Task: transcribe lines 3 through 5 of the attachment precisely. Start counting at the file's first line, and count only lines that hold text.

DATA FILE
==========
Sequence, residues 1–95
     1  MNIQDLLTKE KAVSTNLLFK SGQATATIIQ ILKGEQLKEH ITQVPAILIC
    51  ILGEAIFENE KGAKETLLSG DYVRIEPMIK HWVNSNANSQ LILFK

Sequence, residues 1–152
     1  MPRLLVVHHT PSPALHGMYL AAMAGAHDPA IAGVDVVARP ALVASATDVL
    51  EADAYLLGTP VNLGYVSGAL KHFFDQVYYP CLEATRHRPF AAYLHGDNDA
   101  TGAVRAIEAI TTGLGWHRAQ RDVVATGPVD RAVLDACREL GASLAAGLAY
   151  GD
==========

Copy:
    51  ILGEAIFENE KGAKETLLSG DYVRIEPMIK HWVNSNANSQ LILFK

Sequence, residues 1–152
     1  MPRLLVVHHT PSPALHGMYL AAMAGAHDPA IAGVDVVARP ALVASATDVL